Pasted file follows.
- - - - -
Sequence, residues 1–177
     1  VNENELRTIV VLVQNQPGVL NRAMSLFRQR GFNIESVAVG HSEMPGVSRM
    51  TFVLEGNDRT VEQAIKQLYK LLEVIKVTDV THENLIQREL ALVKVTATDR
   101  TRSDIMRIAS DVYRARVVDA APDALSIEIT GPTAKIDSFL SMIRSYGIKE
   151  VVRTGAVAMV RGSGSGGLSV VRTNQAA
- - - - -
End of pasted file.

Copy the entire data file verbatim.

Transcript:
Sequence, residues 1–177
     1  VNENELRTIV VLVQNQPGVL NRAMSLFRQR GFNIESVAVG HSEMPGVSRM
    51  TFVLEGNDRT VEQAIKQLYK LLEVIKVTDV THENLIQREL ALVKVTATDR
   101  TRSDIMRIAS DVYRARVVDA APDALSIEIT GPTAKIDSFL SMIRSYGIKE
   151  VVRTGAVAMV RGSGSGGLSV VRTNQAA